Borrowing in a SMSF is not complicated, however, there are special rules that govern such borrowings.

For example, the borrowings must only be for the acquisition of an asset, the lender is limited in recourse to the asset itself (rather than all assets of the fund) and legal title to the asset must be separately owned by a custodian trustee for the benefit of the SMSF (which custodian trustee can be controlled by the members of the fund).

These types of arrangements are generally referred to as instalment warrants in the marketplace.

Importantly, any improvements required for the property following its acquisition must be paid using the available resources of the SMSF. A SMSF cannot borrow to effect property improvements.

By owning real property in a SMSF, any rental income or gains generated in the SMSF will be concessionally taxed, but once the SMSF commences pensions for the members, such income and gains will be generated tax free in the fund.

Additionally, members receiving pension income will be concessionally taxed until they reach age 60, at which time their pension income becomes tax-free as well. Superannuation can effectively fund an almost tax-free lifestyle.

3. Succession phase

It is important to understand that the property held by a SMSF will not be subject to the member’s will. Accordingly, upon the death of a member there are a number of things that can happen.

If the member has a spouse, the deceased member’s pension can continue to be paid by the SMSF to the spouse (or to minor children).

Alternatively, the SMSF can pay the deceased member’s account balance (or transfer the property) to the spouse, children, other dependents or the member’s estate.

To ensure a member’s account balance in the SMSF is properly dealt with upon their death, the member can make what is known as a binding nomination with the SMSF trustee. If the member has commenced a pension, the terms of the pension can direct who will benefit on the member’s death.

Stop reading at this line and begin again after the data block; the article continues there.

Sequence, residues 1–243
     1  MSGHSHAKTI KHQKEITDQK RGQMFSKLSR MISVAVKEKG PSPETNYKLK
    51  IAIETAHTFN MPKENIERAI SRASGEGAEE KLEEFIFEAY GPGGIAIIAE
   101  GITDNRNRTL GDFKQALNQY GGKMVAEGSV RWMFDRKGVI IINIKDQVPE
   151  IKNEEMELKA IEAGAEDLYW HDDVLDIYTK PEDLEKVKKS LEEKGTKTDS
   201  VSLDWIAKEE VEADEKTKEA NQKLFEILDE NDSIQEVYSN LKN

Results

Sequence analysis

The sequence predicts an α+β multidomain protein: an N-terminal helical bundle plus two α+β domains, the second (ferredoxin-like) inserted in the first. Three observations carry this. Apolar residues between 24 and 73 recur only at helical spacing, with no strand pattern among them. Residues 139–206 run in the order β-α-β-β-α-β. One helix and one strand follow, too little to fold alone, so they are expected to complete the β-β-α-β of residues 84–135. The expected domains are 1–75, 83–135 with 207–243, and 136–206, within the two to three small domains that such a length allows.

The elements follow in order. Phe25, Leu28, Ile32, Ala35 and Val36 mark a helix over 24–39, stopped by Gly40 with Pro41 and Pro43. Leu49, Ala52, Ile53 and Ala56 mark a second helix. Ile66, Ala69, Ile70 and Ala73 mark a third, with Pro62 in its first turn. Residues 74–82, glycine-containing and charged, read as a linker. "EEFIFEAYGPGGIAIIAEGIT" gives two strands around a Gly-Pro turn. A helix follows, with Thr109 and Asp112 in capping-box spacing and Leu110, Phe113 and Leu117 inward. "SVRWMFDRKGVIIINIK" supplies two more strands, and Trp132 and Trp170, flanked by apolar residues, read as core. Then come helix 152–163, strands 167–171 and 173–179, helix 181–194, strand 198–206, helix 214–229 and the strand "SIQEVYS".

Accordingly, it is important for a SMSF member to consider the above succession issues with their professional adviser.

Under the spotlight

The ATO has said publicly that it’s looking closely at SMSFs to ensure trustees are meeting their obligations when acquiring property in relation to related party dealings, borrowings, in-house assets and non-arm’s length transactions as well as their written investment strategy.

With increased ATO audit activity in the area, it pays to seek professional advice before you head down the path of owning property within super.

Some issues to consider before owning real property in a SMSF:

  • establishment and ongoing annual costs regarding administration of a SMSF;
  • how much money does the fund have to effect the purchase of property?;
  • should the SMSF borrow part of the cost to acquire property? Is this appropriate in the circumstances?;
  • property must not be used for private purposes and all transactions are to be carried on at arm’s length terms;
  • commercial property can be leased to a related business entity but must be under a written commercial lease;
  • appropriateness with your SMSF written investment strategy/long-term aspirations/diversification of assets; and
  • consideration of succession issues on the death of a member.

Harry Patsias is a senior associate with Wallmans Lawyers specialising in taxation and superannuation law.